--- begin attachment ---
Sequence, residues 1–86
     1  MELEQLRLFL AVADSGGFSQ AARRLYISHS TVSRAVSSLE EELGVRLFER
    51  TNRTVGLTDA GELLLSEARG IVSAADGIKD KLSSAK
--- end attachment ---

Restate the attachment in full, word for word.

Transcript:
Sequence, residues 1–86
     1  MELEQLRLFL AVADSGGFSQ AARRLYISHS TVSRAVSSLE EELGVRLFER
    51  TNRTVGLTDA GELLLSEARG IVSAADGIKD KLSSAK